Education, health care and workers’ compensation insurance top legislators’ lists of things they’ll address when they return to Columbia on Tuesday for the 2007 legislative session.
The first week includes some ceremony as Gov. Mark Sanford will be sworn in Wednesday for his second term.
Although Republicans control the Legislature and the executive branch, it’s clear their priorities are not the same. Topping Sanford’s must-do list is government restructuring and raising the state’s lowest-in-the-nation cigarette tax to help lower the income tax rate for the state’s wealthiest residents.
House Speaker Bobby Harrell, R-Charleston, said he thinks the General Assembly will focus on education and the state’s economy. The two issues are intertwined, he said, because better academic performance plays a key role in reducing unemployment and increasing income.
Last year, legislators responded to a judge’s ruling on inadequate spending on the state’s youngest and poorest students by creating a $23 million, 4-year-old kindergarten program in the districts that sued the state.
House Education Chairman Bob Walker, R-Landrum, is pushing a statewide program for at-risk children.
But Sanford’s budget proposal doesn’t expand 4-K. The governor wants “opportunity scholarships” for parents to send their children to better public or private schools. That’s not expected to get far as the House repeatedly has rejected similar proposals.
The system Sanford wants has “been debated, it’s been heard and I don’t see it getting any legs on it,” said Sen. Jake Knotts, R-West Columbia.
But parents could come get more school choice this session. Walker said his committee will focus on an open enrollment plan to let parents transfer their children to other public schools.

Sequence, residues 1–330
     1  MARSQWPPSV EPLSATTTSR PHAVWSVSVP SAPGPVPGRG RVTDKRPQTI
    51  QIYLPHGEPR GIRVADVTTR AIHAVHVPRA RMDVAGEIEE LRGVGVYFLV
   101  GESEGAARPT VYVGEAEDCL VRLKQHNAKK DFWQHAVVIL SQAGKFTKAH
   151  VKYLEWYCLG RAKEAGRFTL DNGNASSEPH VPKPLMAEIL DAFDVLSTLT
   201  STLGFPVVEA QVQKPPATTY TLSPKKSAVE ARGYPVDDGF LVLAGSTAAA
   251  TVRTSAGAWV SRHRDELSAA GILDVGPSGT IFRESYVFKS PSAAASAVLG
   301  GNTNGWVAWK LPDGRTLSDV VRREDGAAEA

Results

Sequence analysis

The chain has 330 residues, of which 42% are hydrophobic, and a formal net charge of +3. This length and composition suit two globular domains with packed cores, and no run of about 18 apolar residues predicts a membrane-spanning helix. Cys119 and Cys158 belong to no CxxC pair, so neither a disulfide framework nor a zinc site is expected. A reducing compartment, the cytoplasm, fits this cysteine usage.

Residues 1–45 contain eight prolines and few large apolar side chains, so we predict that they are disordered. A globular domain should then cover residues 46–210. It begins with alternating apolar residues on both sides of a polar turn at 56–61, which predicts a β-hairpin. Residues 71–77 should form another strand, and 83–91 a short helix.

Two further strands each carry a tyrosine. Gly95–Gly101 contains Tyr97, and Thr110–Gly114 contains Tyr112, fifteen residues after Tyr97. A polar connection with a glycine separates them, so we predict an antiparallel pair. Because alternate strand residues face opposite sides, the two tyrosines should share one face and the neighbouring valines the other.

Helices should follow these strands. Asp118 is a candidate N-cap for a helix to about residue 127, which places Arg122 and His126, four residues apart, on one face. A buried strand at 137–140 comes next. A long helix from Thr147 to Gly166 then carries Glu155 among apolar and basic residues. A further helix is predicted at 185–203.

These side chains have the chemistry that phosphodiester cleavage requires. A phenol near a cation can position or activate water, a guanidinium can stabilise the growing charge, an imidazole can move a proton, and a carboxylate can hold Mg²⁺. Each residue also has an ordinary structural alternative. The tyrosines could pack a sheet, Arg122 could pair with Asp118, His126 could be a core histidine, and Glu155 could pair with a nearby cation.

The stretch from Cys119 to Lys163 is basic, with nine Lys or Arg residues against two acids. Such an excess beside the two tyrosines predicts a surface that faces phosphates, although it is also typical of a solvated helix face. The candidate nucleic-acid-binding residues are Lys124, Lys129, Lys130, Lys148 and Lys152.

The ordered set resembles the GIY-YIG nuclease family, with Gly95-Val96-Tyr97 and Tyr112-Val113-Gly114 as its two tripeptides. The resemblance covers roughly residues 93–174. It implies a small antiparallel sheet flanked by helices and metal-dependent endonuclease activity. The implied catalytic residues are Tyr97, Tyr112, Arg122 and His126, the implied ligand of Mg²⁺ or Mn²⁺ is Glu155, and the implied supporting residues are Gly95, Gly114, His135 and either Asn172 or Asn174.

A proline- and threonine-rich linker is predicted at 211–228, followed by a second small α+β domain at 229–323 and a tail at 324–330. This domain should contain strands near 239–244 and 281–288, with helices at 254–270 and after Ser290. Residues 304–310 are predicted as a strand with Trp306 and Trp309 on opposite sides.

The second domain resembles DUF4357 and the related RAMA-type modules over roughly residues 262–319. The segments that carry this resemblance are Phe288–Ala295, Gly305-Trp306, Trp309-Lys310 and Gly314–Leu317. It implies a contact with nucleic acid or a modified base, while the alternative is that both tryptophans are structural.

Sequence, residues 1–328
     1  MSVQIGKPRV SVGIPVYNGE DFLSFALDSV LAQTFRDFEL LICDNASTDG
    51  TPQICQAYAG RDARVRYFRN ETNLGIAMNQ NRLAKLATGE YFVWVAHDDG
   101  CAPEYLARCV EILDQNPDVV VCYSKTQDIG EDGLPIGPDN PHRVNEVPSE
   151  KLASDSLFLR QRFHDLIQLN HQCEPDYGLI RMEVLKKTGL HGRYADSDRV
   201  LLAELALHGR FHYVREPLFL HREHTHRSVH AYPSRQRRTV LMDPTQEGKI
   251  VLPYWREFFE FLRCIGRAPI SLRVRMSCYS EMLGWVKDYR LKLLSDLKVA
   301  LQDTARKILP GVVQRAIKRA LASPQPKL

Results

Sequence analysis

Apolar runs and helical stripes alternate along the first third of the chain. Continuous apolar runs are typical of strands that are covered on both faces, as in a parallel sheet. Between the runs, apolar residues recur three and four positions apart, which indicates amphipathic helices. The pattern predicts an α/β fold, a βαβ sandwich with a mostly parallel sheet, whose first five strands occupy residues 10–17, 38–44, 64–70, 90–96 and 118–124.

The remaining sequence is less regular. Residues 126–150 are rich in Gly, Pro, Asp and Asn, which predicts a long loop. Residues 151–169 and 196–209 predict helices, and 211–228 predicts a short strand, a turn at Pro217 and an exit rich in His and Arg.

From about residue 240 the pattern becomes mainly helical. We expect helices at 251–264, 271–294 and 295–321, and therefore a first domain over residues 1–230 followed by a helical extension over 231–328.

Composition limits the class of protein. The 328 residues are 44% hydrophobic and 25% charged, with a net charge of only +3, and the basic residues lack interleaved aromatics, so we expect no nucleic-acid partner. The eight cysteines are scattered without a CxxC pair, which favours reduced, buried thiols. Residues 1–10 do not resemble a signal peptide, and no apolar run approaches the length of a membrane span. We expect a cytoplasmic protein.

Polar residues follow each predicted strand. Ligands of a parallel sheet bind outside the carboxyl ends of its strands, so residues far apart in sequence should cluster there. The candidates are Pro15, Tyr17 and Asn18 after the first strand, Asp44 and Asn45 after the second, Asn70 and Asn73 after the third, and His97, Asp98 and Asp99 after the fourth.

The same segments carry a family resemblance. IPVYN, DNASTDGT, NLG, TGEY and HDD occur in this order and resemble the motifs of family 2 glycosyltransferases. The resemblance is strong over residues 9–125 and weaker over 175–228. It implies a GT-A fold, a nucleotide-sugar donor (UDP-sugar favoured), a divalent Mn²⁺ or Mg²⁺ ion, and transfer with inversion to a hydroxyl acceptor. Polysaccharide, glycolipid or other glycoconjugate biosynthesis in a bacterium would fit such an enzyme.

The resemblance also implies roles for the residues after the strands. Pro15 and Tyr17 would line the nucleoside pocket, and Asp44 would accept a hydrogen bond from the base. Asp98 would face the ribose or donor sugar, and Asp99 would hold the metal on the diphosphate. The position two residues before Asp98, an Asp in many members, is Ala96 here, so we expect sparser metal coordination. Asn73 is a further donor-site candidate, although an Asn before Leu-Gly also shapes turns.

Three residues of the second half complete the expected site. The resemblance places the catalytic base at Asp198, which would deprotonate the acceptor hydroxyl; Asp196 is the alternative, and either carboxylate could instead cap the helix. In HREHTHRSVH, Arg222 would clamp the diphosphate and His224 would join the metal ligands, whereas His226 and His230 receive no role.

Legislators also could expand public charter schools, said House Minority Leader Harry Ott, D-St. Matthews. “But I don’t see any great desire to take public funds and transfer it to private schools.”
Sanford is pushing a workers’ compensation overhaul again this year. A House committee met for months last year to try to reduce losses in the system and give businesses a break on premiums. But even supporters didn’t like the version that finally cleared the House and no one complained when it died in the Senate.
“That’s going to be the biggie this year,” said Senate Majority Leader Harvey Peeler, R-Gaffney. Rising workers’ comp premiums have hurt the state’s job recruiting efforts, he said.
But Senate Minority Leader John Land, D-Manning, calls that debate “much ado about nothing.” Land, a workers’ comp lawyer, says the problems are tied to “sloppy insurers” and soaring health care costs.
Health care is a top priority for many legislators.
Unlike Sanford, many legislators want to use money from a higher cigarette tax to expand Medicaid programs, provide health insurance for uninsured children and make health insurance generally more affordable.
“It’s imperative we provide affordable health care for working South Carolinians,” Ott said.
But Harrell and Senate President Pro Tem Glenn McConnell, R-Charleston, said a no-new-tax pledge signed by many Republicans will make it difficult for them to agree to an increase in the state’s 7-cents-per-pack cigarette tax no matter where the new money goes.
Sanford also wants government restructuring to get through the Legislature in his second term.
The $6.5 billion budget he released this week includes detailed plans to merge agencies and eliminate elections for some statewide positions, making them gubernatorial appointees instead.
The idea may have received a boost from a recent state audit critical of the Transportation Department’s management and spending practices, Peeler said. “I’m ready to Etch-a-Sketch the way we’re doing business over there and start from scratch,” he said.
However, some still oppose changing the way some statewide officials are chosen.
“I’m not for taking away a person’s right to vote when we have people overseas fighting so those people can have the right,” Knotts said.
Harrell and McConnell have proposed legislation that lets voters decide whether they want to keep voting for certain offices.
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